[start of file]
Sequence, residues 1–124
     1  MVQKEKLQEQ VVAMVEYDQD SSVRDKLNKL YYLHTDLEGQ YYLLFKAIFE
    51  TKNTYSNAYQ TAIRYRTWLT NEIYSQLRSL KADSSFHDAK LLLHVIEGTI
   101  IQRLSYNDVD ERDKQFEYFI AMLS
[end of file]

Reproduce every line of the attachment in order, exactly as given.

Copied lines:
Sequence, residues 1–124
     1  MVQKEKLQEQ VVAMVEYDQD SSVRDKLNKL YYLHTDLEGQ YYLLFKAIFE
    51  TKNTYSNAYQ TAIRYRTWLT NEIYSQLRSL KADSSFHDAK LLLHVIEGTI
   101  IQRLSYNDVD ERDKQFEYFI AMLS